Source of Publication
Organic hole transport materials (HTMs) have been frequently used to achieve high power conversion efficiencies (PCEs) in regular perovskite solar cells (PSCs). However, organic HTMs or their ingredients are costly and time-consuming to manufacture. Therefore, one of the hottest research topics in this area has been the quest for an efficient and economical inorganic HTM in PSCs. To promote efficient charge extraction and, hence, improve overall efficiency, it is crucial to look into the desirable properties of inorganic HTMs. In this context, a simulation investigation using a solar cell capacitance simulator (SCAPS) was carried out on the performance of regular PSCs using inorganic HTMs. Several inorganic HTMs, such as nickel oxide (NiO), cuprous oxide (Cu2O), copper iodide (CuI), and cuprous thiocyanate (CuSCN), were incorporated in PSCs to explore matching HTMs that could add to the improvement in PCE. The simulation results revealed that Cu2O stood out as the best alternative, with electron affinity, hole mobility, and acceptor density around 3.2 eV, 60 cm2V−1s−1, and 1018 cm−3, respectively. Additionally, the results showed that a back electrode with high work-function was required to establish a reduced barrier Ohmic and Schottky contact, which resulted in efficient charge collection. In the simulation findings, Cu2O-based PSCs with an efficiency of more than 25% under optimal conditions were identified as the best alternative for other counterparts. This research offers guidelines for constructing highly efficient PSCs with inorganic HTMs.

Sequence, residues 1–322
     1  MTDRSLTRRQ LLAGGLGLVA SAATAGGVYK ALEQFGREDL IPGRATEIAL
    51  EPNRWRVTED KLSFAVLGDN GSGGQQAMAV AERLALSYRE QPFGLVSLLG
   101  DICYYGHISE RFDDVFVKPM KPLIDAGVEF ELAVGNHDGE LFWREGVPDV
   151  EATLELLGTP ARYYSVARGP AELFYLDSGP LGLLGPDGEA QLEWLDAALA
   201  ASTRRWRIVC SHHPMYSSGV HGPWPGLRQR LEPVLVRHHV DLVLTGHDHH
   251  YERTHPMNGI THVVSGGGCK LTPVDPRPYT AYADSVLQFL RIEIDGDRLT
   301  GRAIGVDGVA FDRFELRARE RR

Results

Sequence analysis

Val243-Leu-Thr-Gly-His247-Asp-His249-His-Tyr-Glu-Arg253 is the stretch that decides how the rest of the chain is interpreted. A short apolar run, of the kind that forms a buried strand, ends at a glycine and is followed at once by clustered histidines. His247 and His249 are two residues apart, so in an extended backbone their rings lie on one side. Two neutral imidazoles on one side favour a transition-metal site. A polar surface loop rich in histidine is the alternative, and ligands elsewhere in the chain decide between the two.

inorganic charge-transporting layer, numerical simulation, performance optimization, perovskite solar cell
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This work is licensed under a Creative Commons Attribution 4.0 International License.
Sajid, Sajid; Alzahmi, Salem; Salem, Imen Ben; and Obaidat, Ihab M., "Guidelines for Fabricating Highly Efficient Perovskite Solar Cells with Cu2O as the Hole Transport Material" (2022). All Works. 5427.
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Gold: This publication is openly available in an open access journal/series